The largest savings, of roughly $19 billion, would come from eliminating the ability of states to waive work requirements for able-bodied adults in states with high unemployment rates.

In effect, Republicans are seeking a tough work requirement, to either weed people off the subsidy or force them to look for jobs if they aren’t doing that already. Yet more than 40 states want to extend those waivers to assist low-income resident struggling to weather the economic recovery.

“There is dignity in work, and I am supporting this bill today because I want to see, as I know all of us do, more success stories,” said Cantor, who cited the example of a close adviser who had pulled himself up by his bootstraps. “And the reforms made by this bill will put people on the path to self-sufficiency and independence.”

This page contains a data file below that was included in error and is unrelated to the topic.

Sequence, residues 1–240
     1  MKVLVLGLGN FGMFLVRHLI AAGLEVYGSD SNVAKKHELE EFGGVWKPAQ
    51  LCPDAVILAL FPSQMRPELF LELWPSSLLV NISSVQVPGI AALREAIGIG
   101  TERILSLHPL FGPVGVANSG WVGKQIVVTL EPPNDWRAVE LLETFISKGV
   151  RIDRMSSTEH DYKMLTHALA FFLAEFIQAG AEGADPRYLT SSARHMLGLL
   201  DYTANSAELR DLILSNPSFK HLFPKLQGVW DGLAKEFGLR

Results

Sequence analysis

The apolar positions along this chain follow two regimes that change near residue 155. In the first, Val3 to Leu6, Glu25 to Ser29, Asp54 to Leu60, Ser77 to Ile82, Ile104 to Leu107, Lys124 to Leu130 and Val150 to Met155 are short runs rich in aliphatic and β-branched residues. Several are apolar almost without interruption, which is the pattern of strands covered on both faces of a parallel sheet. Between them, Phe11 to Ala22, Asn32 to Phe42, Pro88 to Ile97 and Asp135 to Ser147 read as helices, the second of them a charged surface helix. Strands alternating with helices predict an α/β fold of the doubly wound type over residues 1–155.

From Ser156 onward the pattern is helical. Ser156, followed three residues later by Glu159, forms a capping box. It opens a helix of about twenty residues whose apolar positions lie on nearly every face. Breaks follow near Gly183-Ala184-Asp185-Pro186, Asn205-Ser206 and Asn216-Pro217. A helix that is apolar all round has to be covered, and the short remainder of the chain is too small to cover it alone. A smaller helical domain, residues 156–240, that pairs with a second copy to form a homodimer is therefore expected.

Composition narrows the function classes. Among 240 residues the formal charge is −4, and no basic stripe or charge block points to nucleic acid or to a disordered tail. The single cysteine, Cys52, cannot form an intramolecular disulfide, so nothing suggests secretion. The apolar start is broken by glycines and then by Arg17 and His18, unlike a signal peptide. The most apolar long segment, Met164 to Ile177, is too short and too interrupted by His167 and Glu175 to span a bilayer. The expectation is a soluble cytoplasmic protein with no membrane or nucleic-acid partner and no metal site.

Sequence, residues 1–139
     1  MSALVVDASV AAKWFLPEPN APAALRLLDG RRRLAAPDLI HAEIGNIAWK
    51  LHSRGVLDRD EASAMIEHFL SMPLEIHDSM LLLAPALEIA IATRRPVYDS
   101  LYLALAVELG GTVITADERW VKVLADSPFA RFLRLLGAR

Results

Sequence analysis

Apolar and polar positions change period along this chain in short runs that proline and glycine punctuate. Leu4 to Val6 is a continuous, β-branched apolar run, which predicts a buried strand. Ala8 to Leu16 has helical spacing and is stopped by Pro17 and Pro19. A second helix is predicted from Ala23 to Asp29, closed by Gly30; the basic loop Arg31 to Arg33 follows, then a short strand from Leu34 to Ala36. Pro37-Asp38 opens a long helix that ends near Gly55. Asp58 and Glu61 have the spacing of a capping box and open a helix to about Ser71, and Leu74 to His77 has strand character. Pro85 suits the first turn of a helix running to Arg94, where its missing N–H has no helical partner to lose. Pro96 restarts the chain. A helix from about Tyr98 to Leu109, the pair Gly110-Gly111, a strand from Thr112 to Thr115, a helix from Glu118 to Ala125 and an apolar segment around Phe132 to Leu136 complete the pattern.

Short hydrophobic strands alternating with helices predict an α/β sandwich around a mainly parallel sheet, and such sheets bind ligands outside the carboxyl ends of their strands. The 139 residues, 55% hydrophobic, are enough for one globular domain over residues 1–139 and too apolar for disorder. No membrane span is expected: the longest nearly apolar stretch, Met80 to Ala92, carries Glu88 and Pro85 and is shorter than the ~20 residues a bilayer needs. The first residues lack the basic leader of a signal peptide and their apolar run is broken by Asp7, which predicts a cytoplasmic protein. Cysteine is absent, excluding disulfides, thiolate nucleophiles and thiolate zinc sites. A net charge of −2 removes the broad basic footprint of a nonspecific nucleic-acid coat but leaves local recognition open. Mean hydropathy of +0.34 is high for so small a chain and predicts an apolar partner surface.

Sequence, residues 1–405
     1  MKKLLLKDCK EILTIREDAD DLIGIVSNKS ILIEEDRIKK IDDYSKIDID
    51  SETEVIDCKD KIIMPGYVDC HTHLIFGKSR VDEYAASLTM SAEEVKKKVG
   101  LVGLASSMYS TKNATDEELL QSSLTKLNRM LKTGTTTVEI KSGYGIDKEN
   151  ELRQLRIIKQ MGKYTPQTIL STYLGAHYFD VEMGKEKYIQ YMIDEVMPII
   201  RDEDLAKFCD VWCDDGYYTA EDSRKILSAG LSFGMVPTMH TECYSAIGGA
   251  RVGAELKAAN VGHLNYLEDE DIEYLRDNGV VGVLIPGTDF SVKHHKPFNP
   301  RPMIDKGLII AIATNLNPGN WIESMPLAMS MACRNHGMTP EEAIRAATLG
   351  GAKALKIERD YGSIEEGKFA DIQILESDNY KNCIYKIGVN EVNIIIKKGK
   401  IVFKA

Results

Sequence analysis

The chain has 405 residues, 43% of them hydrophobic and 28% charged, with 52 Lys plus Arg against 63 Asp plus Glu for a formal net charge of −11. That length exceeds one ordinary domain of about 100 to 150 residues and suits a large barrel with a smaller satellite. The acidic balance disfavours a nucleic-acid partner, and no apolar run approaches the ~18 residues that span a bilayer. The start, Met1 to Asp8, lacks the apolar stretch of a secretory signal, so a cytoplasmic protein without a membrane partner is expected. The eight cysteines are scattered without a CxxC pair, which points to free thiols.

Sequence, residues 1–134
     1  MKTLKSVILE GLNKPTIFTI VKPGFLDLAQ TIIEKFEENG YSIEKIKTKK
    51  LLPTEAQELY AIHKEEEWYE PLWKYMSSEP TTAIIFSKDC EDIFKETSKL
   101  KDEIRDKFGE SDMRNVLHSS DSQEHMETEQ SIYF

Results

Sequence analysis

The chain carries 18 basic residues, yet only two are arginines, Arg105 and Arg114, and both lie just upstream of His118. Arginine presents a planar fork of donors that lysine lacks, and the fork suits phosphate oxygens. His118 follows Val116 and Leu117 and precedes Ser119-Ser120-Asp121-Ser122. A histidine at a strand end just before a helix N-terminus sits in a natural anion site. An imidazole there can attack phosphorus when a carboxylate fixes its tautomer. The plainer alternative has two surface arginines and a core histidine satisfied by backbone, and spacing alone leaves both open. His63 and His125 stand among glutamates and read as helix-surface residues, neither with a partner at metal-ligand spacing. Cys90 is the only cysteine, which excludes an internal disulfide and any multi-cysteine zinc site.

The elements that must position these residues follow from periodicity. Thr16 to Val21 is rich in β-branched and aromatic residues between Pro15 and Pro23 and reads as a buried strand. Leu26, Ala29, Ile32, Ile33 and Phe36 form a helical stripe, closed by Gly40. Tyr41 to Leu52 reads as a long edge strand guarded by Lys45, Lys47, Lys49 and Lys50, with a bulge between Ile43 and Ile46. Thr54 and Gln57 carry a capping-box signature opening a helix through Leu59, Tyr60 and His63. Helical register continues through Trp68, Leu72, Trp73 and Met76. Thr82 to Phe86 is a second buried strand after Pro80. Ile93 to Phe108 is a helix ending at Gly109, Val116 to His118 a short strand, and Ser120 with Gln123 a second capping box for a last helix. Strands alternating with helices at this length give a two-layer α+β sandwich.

Another $11.6 billion comes from updating how the Department of Agriculture determines eligibility. Poor people would no longer become “categorically eligible” for food stamps by virtue of qualifying for other benefits. That change alone would result in 2.1 million people losing food stamps in 2014, according to a Congressional Budget Office analysis.

But Democratic Rep. Grace Meng of New York charged that the latest Republican effort to cut food stamps “disrespects families struggling to survive and parents who are unable to feed their children.”

“It doubles down on a determination to end hunger assistance and increases the suffering of our nation’s most vulnerable,” Meng said. “There’s only one word that comes to mind: cruel. Cruel to seniors, cruel to children, cruel to veterans, cruel to people struggling to survive with a shred of dignity.”

“Here we go again,” bellowed Rep. Gerald Connolly (D-VA). “Social Darwinism, survival of the fittest at its worst.”